freshly ground black pepper (cracked is even better)

Using a heavy pan, sauté the onion in the oil for five minutes, then add the carrot and mushrooms and cook for a further 5 minutes.

Add stock, kidney beans, nuts, soya sauce, lemon juice, seasoning and oatmeal. Reduce heat and simmer until oatmeal is cooked (10 to 15 minutes), keep stirring and adding extra liquid as necessary. 

Add lentils, mix well and turn mixture into a greased tin or oven proof dish and bake for 30 mins at 190 deg C, 375 deg F or gas mark 5. 

Serve with mashed neeps and tatties (swede and potato), and a glass of whisky – of course!

Alts & tweaks –

This ‘haggis’ is suitable for vegans, if you have a nut allergy however you can always leave the nuts out and add more lentils.

If you can’t get beluga lentils use puy or other kinds of green or brown. Experiment with different types and combinations of lentils if you’re feeling wildly adventurous!

You can also use whatever mushrooms or cooking oil you have to hand, but I find that chestnut and rapeseed give a ‘nuttier’ taste.

Pinhead oatmeal, instead of fine, makes the texture even better but you'll 
have to give it more liquid and time on the stove. You can always use this
time to 'quality control' the whisky you'll be serving up later. Slainte!

Finding Veggie Satisfaction in Edinburgh

Maybe I’ve been kicking around Edinburgh for too long now but I fail to get excited at what the exclusively vegetarian places have to offer.

I was a devotee of David Bann‘s for a very long time but decided to put some distance between us when the cobwebs started to gather on their menu. For old times sake I went there a couple of months ago – I recognised the menu from way back but the quality of the food was something new: just plain shoddy. The bread served with a few (very few for £3.60) olives was actually fried which I suspect was a none too subtle way of disguising stale. A tartlet starter had blue cheese bubbling not very attractively in a dense pastry case. My main was a kind of mushroom, tofu and noodle melange which honestly was like something I’d throw together for a leftovers lunch – only not as nice, as this was fried and soya sauced to within an inch of its life. They failed to redeem themselves with a pudding which sounded nice on the menu but in reality was a stodgy piece of sponge beneath a piece of rubbery lime jelly and a scoop of coconut sorbet which was so overwhelmingly coconutty that it could only be artificial – only recommended if you want to get that 1970’s children’s party experience!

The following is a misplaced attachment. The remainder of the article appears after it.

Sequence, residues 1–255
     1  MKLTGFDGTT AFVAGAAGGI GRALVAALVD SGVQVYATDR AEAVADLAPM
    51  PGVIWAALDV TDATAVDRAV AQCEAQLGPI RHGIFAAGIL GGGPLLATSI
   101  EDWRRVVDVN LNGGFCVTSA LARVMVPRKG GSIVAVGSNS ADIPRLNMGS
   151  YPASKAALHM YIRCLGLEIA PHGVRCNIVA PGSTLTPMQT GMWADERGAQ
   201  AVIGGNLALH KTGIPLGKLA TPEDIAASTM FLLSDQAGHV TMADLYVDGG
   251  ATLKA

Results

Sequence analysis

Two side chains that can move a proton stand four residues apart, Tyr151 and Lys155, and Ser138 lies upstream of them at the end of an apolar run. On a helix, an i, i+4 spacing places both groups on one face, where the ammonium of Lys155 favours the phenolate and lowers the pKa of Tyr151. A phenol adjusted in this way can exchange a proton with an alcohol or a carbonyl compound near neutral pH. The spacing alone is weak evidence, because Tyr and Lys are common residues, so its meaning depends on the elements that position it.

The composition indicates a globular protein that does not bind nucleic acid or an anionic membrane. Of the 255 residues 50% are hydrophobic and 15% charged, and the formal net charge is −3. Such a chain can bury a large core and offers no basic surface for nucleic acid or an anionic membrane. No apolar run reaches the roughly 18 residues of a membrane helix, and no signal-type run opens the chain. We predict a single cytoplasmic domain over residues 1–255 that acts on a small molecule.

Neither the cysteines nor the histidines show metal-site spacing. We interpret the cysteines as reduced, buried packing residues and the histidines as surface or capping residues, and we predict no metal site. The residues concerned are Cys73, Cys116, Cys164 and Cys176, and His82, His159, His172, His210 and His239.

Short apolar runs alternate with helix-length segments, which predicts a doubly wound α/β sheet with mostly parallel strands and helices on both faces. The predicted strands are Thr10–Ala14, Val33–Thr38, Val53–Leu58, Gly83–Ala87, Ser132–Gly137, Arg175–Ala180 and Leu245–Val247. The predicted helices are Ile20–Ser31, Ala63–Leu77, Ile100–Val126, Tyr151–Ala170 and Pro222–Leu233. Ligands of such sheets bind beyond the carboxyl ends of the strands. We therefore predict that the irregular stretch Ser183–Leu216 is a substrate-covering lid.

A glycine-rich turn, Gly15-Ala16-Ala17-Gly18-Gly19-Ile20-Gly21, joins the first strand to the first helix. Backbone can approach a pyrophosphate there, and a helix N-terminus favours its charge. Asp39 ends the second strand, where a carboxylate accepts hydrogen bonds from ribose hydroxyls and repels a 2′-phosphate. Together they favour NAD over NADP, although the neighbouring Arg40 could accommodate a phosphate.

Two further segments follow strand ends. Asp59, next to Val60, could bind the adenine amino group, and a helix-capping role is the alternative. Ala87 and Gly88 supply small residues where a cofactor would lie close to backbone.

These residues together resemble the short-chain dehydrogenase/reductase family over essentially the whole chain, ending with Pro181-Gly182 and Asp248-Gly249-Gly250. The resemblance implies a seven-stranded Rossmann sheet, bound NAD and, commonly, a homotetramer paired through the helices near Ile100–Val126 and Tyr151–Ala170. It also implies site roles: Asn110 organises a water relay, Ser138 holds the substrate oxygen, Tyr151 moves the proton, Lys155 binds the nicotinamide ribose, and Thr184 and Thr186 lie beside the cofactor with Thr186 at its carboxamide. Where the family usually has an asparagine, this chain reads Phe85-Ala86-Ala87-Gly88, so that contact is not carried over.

Talking of the 1970’s I guess the next stop on the Edinburgh veggie map would be the various branches of Henderson’s – the original basement one on Hanover Street, the ‘bistro’ around the corner on Thistle Street and the most recent – the former Cornerstone Cafe at the West End of Princes Street. Now, to be fair, Henderson’s wears its hippy credentials on its woven hemp sleeve and it has been going since 1962 – but OMG, doesn’t it show? I mean, there’s revisionist retro and then there’s ‘just can’t be bothered spending out any money on sprucing the place up’. I’d have no problem with this if the food was good and a reasonable price but I can’t actually say that. Quiches, lasagne, croquettes, veg curry/chilli/stew etc. is the kind of cuisine we’re talking, at steep-for-what-you’re-getting prices. It’s counter service at Hanover St and the West End, with the former having that traumatic ‘school-dinners-queue’ vibe at busy lunch-times.

Busy? Well, yes. That’s the thing with exclusively vegetarian places in any city – as a veggie tourist you will want to try them out, and as a veggie resident you have this – perhaps misplaced – loyalty to places like David Bann’s and Henderson’s. But with their central locations and their ability to make a whole lot of profit from making not much of an effort – they can probably survive without my custom.

What are the alternatives, then? Well, for fully vegetarian: